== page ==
April 12, 2012 | 2
Many cooks discover – and when I say, “discover,” I mean “run smack into” – the laws of science once they get into the kitchen.
Not Jen Yu.
Jen, a cook and a photographer, blogs at Use Real Butter. She’s also a bona fide scientist. She earned her doctorate in geology, by, um, let me quote her directly here: “I created a high-resolution digital topographic map of the Central Andes of South America using interferometric synthetic aperture radar techniques on satellite imagery. I analyzed the surface fault pattern in Northern Chile to correlate it with geophysical and seismic data along this section of the South American plate boundary.”
So Jen doesn’t let, say, baking recipes written for sea-level conditions stymie the activity in her Rocky Mountain kitchen. Actually, she doesn’t let much of anything hold her back – not job changes, not even cancer. In describing herself on the blog, she wrote: “ ‘Use real butter’ is less of a mantra for my cooking and baking and more of a directive for life. I am not a fan of doing things half-assed. I managed 23 days of telemark skiing during chemotherapy in 2008. Rock on.”
“I come from a family of scientists and engineers who nurtured my early curiosity and love for math, science, and puzzles,” she said. “Dad was my biggest influence, bringing home posters from NASA planetary missions when I was a little girl. We watched Nature, NOVA, Cosmos, and Mr. Wizard together.”
She also explored, and honed her skills.
“I grew plants from grapefruit seeds, stargazed, built unsanctioned projects in the yard,” she said. “I used to love digging a channel in the sand with my hands to connect a nearby pond to the James River, learning about tides, fluid flow, vorticity, and erosion. It wasn’t science or engineering to me, it was just fun.”
After graduating from Caltech with a degree in engineering and applied science, she was interested in planetary geology. But, by then, she had a “two-body problem” with then-boyfriend, now-husband Jeremy, also a scientist. They decided on Cornell. “I went into geology at Cornell, hoping for an opportunity to do some field work,” she said. “It seemed like a marriage of science and the great outdoors – two of my loves.”
She launched the public, food-centric version of Use Real Butter in 2007. She had already left a job ‘due to the hostile culture of senior management,’ intending to try photography for a year. But then came a diagnosis of breast cancer, postponing her plans. “Cancer made me really think about what I did and did not want to do with the rest of my life.”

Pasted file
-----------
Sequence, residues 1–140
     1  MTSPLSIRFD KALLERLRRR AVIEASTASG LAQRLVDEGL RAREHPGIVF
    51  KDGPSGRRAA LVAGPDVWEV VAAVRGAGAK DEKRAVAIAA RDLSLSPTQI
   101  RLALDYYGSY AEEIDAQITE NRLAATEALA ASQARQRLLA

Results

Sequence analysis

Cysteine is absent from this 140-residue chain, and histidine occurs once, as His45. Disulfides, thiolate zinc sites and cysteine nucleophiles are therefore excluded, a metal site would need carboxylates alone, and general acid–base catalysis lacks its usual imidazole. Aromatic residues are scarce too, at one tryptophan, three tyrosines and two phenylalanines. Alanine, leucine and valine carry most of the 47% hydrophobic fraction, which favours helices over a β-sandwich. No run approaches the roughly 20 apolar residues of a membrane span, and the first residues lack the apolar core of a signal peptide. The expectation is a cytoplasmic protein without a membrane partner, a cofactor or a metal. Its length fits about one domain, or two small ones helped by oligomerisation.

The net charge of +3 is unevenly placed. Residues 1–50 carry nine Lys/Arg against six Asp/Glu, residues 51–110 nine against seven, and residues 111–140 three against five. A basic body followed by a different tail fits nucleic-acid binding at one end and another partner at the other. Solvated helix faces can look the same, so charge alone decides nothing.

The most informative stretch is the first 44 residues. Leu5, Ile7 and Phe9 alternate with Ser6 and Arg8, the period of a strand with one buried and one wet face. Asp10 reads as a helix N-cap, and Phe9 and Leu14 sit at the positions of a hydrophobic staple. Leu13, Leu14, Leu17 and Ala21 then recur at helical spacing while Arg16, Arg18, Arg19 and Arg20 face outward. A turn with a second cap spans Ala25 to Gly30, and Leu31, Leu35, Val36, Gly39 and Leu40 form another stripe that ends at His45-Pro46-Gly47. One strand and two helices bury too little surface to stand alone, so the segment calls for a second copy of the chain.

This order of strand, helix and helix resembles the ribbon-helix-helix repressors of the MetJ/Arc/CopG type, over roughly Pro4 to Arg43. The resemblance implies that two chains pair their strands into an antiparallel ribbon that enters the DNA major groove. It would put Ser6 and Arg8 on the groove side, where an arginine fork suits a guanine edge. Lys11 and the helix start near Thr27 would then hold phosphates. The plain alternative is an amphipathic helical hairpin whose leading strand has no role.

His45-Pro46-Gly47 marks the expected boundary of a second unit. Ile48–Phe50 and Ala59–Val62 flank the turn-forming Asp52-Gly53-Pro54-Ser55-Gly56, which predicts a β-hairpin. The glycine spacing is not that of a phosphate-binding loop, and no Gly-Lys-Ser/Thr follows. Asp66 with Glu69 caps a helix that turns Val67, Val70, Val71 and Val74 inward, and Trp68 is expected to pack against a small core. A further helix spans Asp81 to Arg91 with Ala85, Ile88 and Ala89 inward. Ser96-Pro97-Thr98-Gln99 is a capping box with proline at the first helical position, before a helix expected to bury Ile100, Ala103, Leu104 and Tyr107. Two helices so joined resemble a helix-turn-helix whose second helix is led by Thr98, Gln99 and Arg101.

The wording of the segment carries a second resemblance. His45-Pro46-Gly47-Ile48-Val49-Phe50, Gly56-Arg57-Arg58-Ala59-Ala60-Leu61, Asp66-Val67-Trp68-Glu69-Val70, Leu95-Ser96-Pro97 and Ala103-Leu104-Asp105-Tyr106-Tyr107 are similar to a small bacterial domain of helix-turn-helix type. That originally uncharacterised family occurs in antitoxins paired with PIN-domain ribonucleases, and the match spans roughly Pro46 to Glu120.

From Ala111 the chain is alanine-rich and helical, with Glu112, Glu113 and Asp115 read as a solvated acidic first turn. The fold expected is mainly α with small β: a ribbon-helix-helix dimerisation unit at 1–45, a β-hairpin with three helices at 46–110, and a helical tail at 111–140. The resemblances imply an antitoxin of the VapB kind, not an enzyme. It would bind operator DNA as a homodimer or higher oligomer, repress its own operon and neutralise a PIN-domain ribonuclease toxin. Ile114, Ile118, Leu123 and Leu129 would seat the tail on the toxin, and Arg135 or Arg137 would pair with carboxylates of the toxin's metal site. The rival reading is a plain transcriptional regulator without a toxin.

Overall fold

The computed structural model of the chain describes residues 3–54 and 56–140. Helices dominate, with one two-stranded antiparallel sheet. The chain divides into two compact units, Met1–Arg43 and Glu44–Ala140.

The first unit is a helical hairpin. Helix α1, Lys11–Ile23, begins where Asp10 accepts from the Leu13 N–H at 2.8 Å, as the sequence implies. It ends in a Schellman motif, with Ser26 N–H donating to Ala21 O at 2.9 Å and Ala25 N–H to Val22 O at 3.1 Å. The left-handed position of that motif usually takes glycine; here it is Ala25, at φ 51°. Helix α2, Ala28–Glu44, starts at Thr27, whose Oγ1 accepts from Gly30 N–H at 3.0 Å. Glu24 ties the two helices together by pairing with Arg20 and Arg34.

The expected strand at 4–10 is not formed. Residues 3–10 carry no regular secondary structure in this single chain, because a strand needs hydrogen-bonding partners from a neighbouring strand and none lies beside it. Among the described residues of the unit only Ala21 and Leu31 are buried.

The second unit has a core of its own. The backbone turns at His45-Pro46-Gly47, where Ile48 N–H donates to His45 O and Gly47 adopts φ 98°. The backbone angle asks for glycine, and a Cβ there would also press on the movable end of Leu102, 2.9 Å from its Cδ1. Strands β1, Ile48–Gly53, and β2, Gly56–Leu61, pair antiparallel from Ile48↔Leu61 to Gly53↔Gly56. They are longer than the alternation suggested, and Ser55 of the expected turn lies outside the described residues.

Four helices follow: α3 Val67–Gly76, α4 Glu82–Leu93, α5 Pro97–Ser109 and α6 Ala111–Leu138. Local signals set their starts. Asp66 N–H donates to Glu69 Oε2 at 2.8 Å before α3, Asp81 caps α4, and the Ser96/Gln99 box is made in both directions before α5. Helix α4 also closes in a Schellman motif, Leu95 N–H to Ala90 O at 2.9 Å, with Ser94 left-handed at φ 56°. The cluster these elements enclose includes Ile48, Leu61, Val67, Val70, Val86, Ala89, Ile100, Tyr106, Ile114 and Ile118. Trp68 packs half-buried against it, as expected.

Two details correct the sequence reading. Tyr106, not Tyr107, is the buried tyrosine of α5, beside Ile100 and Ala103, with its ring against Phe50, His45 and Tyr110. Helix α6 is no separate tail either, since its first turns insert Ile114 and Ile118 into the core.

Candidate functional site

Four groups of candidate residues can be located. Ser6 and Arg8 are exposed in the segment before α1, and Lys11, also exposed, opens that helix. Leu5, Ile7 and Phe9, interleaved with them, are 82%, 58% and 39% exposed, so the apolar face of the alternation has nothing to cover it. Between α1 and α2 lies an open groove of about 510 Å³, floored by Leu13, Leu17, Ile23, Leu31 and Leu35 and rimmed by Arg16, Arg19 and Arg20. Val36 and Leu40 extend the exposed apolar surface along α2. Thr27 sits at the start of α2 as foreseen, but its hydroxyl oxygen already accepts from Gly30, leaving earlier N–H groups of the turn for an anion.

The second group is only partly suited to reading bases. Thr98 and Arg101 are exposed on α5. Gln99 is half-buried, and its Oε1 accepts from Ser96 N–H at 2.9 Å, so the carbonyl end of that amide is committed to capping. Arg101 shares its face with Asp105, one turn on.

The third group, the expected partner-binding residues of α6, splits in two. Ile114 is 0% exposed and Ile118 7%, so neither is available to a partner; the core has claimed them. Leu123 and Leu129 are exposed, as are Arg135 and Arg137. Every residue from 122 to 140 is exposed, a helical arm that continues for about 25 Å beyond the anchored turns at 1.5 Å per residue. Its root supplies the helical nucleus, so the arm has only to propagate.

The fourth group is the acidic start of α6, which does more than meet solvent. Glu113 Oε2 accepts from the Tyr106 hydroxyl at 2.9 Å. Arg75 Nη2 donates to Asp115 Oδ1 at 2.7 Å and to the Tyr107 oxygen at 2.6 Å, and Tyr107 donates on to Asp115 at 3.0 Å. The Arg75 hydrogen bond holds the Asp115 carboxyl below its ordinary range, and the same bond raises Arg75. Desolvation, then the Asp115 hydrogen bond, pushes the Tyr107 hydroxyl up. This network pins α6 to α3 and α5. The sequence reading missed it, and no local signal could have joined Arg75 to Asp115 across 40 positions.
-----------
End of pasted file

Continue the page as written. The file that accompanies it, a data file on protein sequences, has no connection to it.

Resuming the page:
“Cooking for me is a lot like freshman chem lab, except it isn’t toxic,” she said. “When I cook or bake, I jot notes in a notebook — it used to be a lab notebook — so I can document adjustments and results. Reproducibility in recipes, just as in science, is important, because I blog recipes for others to use as well as for my own reference.”
The result is a gorgeous blog, with ambitious recipes and fun dining experiences punctuated by her latest capturing of the natural world. She travels around the American West, documenting its bird migrations, wildflower carpets, and Aspen glows. When at home, she often captures the phenomena – be it cloud inversions or meteor showers – happening right off her deck. Her science background has helped her with this new skill.
“From understanding the physics of light to noise reduction to digital image processing to the logistics of a photo shoot in the field — this is all informed by my science and engineering training,” she said. “It makes the work more fun and rewarding for me.”
On the blog, what comes across equally as strongly as the recipes and the window into her Rocky Mountain life, is an enthusiastic love of science. During a night of subzero temperatures, she and Jeremy tossed boiling water off the deck, and she photographed the instant ice in freefall.
“I consider nature a subset of science, amazing and beautiful,” she said. “I sought comfort in nature during my cancer treatments. It invigorated me and kept me going. My gorgeous Colorado mountains make me grateful for every day I have. I try to capture fascinating natural phenomena – both the rare and the mundane.”
Her doctors are unable to detect any cancer. “I don’t know if I’m cancer-free, I just try to live each day as best I can,” she said.
Overall, she said she doesn’t consider herself a scientist anymore, but remains a science advocate. Her photography and commentary sometimes lead to a science lesson in the comments section.
“Sometimes a photo will prompt someone to say, “How does that happen?”, sparking a discussion on fluid dynamics, refraction, the milky way, or plant cycles,” she said. “But for me, the best is when they ask, “May I share these photos with my daughter’s fourth grade class?””
And science still keeps happening in her kitchen.
“My mother-in-law gifted me a pressure cooker last year,” she said. “The first time I used it, Jeremy and I stood in the kitchen calculating the additional time needed to cook things at our elevation based on the pressure differential, the pressure in the cooker at sea-level, and the pressure at our altitude. We then looked at one another and shouted, ‘SCIENCE!’ Science rules.”
All photographs courtesy of Jen Yu.
12 Digital Issues + 4 Years of Archive Access just $19.99X